The main theme of Sir Gawain and the Green Knight is the journey to maturity of Gawain, the hero. During the passage, Gawain goes through three tests on his development. First, Gawain shows courage and resourcefulness when he volunteers to take the Green Knight’s challenge instead of Arthur doing so. Second, Gawain shows authority, self-restraint, and integrity when he denies the sexual endeavours of the lady of the house. Lastly, Gawain shows bravery when he faces death by keeping his meeting with the Green
Sir Gawain is an extremely humble man, one that is in complete submission to his lord King Arthur in Sir Gawain and the Green Knight. While many characters in literature, such as Achilles, are a fireball of rage and testosterone, Sir Gawain is calm, cool, and always in complete control of himself. Gawain is humble as well, describing himself as the “weakest of [King Arthur’s] warriors”, one that is barely fit to sit at the King’s royal table (Armitage: Fitt 1: 734). Sir Gawain, according to Confucius in Analects, would be considered a gentleman, “straight as an arrow” in the noble’s court and on the battlefield (Confucius: Book XV: 15.7). He is extremely courteous, a man of his word, and performs the role of a knight adamantly. While Sir Gawain’s humbleness and self-deprecation is evident throughout the story, it is not justified or reasonable because Gawain is overstating his courtesy to put himself in the limelight.
He shows his loyalty to Arthur at the beginning of the story, when the Green Knight challenges “any in [the] house”(286) to accept his game, everyone remains silent. He goes on to insult and laugh at Arthur and everyone else, which results in Arthur having to accept the challenge and “lay hold of [the Green Knight’s] weapon”(329) in order to defend his pride. Before Arthur can put the axe to use, Gawain asks if the “melee may be [his]”(343), because “[the] folly befits not a king”(359), and modestly claims to be “the weakest…and of wit the feeblest”(355).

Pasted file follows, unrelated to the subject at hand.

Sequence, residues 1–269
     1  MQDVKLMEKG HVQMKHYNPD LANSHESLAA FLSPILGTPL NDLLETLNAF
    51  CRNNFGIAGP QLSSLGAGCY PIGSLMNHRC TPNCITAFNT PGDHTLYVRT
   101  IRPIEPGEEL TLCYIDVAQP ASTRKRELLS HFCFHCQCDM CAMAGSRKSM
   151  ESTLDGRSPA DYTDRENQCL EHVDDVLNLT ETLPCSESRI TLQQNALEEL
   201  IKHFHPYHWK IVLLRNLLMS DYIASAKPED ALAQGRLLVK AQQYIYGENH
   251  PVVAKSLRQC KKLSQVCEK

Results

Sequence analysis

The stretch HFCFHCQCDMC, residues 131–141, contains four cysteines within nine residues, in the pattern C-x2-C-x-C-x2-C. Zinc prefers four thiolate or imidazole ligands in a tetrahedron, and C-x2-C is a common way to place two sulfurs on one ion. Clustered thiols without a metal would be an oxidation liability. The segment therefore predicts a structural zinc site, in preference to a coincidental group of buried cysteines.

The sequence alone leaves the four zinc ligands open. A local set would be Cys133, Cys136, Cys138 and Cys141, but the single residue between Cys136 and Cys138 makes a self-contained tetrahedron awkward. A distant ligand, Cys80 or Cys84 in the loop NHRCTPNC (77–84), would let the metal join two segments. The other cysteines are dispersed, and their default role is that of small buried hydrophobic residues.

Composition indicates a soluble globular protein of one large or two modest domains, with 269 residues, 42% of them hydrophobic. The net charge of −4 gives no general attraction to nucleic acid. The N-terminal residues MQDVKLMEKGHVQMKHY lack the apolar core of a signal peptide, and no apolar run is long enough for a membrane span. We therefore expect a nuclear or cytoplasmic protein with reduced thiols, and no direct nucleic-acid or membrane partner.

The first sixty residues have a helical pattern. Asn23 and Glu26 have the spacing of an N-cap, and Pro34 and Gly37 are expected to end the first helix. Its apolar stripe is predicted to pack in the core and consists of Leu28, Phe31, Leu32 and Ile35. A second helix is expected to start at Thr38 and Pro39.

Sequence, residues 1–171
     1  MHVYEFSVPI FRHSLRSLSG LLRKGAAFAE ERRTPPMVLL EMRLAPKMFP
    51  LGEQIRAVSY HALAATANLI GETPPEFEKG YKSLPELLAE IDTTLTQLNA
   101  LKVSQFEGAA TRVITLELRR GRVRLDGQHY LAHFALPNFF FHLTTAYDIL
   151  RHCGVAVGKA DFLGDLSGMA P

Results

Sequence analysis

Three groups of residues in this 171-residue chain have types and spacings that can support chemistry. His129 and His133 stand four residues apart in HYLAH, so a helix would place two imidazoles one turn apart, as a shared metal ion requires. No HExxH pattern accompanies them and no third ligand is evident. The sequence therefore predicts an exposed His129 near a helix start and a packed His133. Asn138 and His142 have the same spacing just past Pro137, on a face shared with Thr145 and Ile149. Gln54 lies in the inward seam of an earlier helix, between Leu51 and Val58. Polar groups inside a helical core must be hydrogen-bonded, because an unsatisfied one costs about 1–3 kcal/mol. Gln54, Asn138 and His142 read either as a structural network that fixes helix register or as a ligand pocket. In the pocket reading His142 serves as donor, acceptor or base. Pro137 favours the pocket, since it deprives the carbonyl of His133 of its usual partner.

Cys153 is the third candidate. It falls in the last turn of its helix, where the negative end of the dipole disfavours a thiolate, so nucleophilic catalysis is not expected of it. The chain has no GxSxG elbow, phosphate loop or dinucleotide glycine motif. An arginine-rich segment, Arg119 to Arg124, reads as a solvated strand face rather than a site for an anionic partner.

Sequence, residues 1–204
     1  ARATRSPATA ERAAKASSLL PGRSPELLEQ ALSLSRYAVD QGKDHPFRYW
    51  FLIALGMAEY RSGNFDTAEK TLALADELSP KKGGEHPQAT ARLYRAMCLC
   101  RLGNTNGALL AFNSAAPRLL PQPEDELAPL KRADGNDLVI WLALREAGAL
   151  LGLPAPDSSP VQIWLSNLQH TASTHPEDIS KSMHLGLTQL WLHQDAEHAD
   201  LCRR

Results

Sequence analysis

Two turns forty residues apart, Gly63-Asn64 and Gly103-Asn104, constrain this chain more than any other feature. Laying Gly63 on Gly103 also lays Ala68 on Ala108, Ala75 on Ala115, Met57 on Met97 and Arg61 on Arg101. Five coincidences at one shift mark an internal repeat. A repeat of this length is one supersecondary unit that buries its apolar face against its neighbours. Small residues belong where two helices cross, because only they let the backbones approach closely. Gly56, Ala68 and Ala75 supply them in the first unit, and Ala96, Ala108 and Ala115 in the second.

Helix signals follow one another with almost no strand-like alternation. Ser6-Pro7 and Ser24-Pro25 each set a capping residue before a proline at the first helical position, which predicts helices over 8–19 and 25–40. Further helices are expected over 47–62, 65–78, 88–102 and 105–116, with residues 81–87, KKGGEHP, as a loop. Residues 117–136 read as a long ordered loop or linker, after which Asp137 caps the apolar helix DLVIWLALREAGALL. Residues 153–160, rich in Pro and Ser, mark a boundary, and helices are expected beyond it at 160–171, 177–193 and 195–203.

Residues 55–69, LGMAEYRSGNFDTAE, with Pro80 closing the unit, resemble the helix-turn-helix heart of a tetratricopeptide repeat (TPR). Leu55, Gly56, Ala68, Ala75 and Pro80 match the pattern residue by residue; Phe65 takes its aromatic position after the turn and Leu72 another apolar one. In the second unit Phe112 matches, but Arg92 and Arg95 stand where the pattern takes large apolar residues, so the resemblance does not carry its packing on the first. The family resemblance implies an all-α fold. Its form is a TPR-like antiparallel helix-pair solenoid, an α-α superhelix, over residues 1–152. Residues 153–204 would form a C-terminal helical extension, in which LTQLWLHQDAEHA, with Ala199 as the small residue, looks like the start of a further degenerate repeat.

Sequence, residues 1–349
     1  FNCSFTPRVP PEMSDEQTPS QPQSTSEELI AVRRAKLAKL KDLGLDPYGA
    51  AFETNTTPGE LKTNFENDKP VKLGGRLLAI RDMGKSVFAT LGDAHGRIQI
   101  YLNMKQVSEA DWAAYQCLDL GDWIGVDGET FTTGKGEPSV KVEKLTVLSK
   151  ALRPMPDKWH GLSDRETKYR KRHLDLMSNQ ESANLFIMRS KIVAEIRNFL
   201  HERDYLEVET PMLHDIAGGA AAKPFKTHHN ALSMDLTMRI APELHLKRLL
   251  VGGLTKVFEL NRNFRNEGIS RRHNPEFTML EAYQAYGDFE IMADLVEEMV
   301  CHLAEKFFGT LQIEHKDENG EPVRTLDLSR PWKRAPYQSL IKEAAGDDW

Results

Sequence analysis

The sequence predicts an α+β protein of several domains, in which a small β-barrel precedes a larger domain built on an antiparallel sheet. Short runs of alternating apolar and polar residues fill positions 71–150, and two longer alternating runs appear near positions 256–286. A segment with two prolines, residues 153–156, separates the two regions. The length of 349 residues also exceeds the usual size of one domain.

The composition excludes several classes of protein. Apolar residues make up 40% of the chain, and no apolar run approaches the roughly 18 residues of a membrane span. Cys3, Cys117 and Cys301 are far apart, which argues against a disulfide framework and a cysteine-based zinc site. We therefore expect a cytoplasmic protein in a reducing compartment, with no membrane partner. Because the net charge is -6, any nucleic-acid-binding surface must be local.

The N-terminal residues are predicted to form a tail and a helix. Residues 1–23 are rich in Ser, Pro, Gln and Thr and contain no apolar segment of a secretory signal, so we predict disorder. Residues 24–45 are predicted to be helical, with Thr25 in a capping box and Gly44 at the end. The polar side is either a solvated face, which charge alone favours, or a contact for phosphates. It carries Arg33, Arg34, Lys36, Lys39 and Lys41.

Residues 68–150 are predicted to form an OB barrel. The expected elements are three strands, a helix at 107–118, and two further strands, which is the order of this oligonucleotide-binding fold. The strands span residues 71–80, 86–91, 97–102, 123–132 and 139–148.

Gawain is courteous to no end, even asking for permission to “abandon [his] bench and stand by [Arthur]” (Pearl Poet l. 344) so he may risk his own life instead of his kings to abide by the Green Knights game. He even humbly states that he “[is] the weakest” (l. 354) and that it would be the least lost of he was to parish which is untrue. Gawain is also extremely courteous when he is denying the wife’s attempts to seduce him saying he is “a knight unworthy” (l.1245). He plays a game of wits as he must not offend her advances but at the same time must not let the wife win the “game” because then he would have to lay with her and that would be uncourteous to his host, Lord Bertilak. The only time Gawain faults in his courteousness is when he refuses to acknowledge the agreement he made with Lord Bertilak which was “whatever [Lord Bertilak] win[s] in the wood shall at once be [Gawain’s] and whatever gain [Gawain] may get [he] shall give in exchange” (ll. 1107-08). Gawain fails this agreement when he keeps the green girdle given to him by Bertilaks wife as he believes it will save his